- Units per transaction
Tracking the right metrics using the right tools allows you to report accurate data and derive actionable insights to optimize campaigns. By capturing the right metrics, you can better report on the successes and failures of your omnichannel strategy.
With this invaluable insight, you’ll be able to identify areas for improvement, revise your strategy and deploy targeted tests to optimize future campaign results
Examples of Omnichannel Marketing
Seeking inspiration for your brand’s omnichannel strategy? Discover how these five leading brands orchestrate consistent, personalized messaging across their key marketing channels.
Brooklinen: Customer Retention With Omnichannel Marketing
Allie Donovan, Director of Email & Retention Marketing at premium bedding retailer Brooklinen, views retention as a core tenet of omnichannel marketing.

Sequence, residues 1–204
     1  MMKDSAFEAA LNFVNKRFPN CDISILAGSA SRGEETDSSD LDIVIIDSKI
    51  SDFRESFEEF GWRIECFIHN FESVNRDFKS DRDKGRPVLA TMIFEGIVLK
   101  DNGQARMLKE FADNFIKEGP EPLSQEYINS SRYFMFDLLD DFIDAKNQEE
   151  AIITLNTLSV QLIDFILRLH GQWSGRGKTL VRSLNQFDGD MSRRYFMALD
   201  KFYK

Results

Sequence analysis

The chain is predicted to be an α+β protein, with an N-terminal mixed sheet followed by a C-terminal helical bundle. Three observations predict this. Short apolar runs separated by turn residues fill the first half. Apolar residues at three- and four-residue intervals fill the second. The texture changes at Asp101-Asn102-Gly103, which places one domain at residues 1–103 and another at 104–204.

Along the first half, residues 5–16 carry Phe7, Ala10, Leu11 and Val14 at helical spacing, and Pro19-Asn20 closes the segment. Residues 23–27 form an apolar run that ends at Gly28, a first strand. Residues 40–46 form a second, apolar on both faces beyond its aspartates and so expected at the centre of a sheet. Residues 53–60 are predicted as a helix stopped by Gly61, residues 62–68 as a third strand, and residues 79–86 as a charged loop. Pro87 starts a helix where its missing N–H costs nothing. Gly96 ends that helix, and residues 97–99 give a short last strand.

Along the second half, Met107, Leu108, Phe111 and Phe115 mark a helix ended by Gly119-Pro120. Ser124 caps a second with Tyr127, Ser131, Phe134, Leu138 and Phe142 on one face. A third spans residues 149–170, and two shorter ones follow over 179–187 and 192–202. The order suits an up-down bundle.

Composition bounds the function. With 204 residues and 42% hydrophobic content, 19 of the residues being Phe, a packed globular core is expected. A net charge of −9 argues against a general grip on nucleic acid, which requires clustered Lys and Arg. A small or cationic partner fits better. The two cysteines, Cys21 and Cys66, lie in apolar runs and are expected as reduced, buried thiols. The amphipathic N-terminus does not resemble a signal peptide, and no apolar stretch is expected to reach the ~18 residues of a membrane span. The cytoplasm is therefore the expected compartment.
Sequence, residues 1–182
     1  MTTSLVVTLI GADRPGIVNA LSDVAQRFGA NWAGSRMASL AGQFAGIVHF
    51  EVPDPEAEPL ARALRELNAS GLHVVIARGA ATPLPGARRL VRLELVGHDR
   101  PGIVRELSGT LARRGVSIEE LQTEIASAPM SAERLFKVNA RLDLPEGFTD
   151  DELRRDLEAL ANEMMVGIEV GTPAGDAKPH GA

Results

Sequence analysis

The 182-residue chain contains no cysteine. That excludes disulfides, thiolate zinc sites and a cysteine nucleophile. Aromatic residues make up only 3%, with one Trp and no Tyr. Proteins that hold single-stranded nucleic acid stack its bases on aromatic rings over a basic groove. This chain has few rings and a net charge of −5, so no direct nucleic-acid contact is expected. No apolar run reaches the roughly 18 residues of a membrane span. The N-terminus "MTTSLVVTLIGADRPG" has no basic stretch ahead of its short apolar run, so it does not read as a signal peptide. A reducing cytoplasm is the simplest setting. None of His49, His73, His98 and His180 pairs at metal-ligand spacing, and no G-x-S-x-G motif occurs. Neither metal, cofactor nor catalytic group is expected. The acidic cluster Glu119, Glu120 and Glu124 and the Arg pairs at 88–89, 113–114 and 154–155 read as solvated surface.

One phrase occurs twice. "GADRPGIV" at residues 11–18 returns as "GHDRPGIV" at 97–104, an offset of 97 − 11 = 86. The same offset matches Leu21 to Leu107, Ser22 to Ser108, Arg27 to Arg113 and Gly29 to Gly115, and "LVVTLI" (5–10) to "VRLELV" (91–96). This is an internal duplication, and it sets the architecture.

Allie’s strategy revolves around viewing retention as a whole, as opposed to splitting it across social, email, web and other core channels. By treating it as a single marketing entity, Allie creates a single view of Brooklinen’s customers, helping them to treat their audience as individuals instead of data points.
Bowlero: Automating & Optimizing Omnichannel Retargeting
American Bowling Center operator, Bowlero, relied on traditional sales team follow-ups to drive sales – but VP Marketing Megan Wintersteen knew more could be done by integrating email and social.